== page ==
On Presenting the Brand and Quality Assurance: We discussed whether to call a marketplace a marketplace, and how to communicate the brand quality with assurance.

  • It seems decreasingly necessary to call a marketplace a marketplace. For investors it is helpful to mention, but not required. On the user side, marketplace startups are taking more and more active roles and control in the interactions (curation, quality assurance, payments, etc.), such that the startups are becoming more providers of brand experiences that happen to have the supply.
  • Freelancers is being less used in the marketplace descriptions by these founders. The Fiverr’s of the world diluted the brand value of freelancers.
  • Quality control? Let the community show the bar. When supply is being conflated with brand (e.g. Lyft drivers are seen as Lyft, compared eBay sellers back in the day) this becomes more important than ever. One founder advocated for letting the community serve as arbiters of truth — let them show expectations of what amazing work looks like. This is especially true in the less commoditized marketplaces.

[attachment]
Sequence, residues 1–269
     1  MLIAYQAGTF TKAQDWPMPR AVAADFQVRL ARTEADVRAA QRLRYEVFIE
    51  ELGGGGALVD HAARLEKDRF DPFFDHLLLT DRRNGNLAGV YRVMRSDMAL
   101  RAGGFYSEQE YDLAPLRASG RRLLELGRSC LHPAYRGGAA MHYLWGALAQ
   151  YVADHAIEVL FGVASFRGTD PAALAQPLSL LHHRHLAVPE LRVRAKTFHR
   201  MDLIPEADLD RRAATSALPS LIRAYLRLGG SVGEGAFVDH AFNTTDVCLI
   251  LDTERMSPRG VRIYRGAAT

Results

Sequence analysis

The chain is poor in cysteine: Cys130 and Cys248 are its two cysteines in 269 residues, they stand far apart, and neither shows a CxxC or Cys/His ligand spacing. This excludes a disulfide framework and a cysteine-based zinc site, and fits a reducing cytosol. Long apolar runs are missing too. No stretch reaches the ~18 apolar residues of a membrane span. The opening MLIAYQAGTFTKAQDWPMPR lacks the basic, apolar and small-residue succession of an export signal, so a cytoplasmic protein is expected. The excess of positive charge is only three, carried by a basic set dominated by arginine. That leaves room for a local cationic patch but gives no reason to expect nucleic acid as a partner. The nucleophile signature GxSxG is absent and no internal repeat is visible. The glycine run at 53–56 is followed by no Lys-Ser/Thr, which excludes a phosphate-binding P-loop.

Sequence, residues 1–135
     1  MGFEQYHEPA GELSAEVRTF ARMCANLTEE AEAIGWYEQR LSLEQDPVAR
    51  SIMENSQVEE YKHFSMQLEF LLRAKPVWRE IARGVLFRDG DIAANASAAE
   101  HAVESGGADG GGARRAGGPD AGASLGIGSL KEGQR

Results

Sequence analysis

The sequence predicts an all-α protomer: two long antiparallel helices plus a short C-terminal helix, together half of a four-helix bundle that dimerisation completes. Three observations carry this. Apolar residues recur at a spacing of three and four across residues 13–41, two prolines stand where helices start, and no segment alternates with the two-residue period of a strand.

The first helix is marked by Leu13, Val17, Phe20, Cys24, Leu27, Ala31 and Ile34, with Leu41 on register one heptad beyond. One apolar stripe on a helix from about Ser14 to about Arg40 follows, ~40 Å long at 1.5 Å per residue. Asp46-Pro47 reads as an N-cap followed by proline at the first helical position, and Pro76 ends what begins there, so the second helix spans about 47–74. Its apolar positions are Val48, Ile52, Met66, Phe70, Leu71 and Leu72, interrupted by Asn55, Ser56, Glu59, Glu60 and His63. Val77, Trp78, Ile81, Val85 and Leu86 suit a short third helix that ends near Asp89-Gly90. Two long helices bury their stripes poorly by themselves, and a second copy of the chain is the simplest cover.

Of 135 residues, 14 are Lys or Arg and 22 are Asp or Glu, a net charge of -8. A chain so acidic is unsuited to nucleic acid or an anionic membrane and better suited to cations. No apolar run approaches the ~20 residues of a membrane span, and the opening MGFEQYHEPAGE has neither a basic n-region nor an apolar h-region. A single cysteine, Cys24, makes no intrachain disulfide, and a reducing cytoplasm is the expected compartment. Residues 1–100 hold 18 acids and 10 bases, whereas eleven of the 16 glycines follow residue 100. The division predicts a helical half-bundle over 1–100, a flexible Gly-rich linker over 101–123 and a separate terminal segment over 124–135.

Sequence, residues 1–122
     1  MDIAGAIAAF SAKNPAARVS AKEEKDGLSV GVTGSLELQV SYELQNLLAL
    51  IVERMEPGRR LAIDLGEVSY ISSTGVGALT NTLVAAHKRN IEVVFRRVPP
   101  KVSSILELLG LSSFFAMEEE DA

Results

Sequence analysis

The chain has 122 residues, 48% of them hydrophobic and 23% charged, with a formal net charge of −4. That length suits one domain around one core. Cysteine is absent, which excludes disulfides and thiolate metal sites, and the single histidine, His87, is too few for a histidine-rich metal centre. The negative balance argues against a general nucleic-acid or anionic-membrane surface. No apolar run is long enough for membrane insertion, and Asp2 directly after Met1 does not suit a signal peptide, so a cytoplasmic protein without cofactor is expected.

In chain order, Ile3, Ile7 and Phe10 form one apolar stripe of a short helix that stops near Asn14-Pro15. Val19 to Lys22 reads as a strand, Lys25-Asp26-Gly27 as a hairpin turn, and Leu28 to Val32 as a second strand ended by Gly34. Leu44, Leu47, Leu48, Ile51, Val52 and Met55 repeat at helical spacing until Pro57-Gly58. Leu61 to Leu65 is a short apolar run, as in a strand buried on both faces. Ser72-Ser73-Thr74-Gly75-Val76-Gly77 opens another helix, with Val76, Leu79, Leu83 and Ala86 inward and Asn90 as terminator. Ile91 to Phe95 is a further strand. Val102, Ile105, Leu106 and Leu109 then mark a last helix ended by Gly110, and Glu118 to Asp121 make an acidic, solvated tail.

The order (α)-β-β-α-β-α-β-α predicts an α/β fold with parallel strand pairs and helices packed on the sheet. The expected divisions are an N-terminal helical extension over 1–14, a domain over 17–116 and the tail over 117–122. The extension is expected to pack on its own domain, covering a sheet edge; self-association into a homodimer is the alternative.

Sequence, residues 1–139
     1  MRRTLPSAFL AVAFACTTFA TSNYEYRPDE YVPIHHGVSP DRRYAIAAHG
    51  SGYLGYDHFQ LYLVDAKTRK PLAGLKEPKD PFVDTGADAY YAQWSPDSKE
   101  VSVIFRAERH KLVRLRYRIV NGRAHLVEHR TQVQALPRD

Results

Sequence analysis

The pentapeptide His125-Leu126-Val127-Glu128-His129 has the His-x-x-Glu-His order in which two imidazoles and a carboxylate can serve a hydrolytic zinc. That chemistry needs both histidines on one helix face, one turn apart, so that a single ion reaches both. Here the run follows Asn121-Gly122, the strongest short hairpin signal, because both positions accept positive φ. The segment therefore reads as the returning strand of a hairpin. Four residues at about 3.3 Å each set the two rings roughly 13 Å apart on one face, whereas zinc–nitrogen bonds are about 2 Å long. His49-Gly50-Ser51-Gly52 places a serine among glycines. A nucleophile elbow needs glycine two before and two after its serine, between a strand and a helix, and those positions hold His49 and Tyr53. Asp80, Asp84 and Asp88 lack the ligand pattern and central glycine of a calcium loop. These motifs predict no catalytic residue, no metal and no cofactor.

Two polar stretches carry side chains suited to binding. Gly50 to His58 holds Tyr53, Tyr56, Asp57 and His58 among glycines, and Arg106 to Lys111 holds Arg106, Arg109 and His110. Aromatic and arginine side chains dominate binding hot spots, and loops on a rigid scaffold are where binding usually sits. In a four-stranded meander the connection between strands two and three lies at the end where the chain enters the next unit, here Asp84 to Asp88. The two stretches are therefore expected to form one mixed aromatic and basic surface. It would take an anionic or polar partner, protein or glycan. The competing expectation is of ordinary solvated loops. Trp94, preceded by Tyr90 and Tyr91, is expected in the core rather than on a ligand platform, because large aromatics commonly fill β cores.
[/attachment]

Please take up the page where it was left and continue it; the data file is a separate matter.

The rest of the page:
• Filtering participants at signup versus having a strong feedback loop for improvement. Founders leaned more towards the feedback loop, because they didn’t want to too strongly bottleneck supply, as well as because at scale, that would be necessary anyways for ongoing QA.
  • Reviews and feedback when the marketplace is early. Founders agreed that it is important to share insights and feedback, but not to have official ratings (stars and such) until the experience is more refined. One early rating either way could drastically alter accuracy of a provider quality.
  • Own the CX team. The founders were unanimous — it is the first source for recourse, and nothing to be taken lightly.
  • Talk about the vetting process in your marketing as a selling point on quality. Share the interview process, success rate of provider applicants, and assurances you take in the process. If it is strong, it can be a great selling point.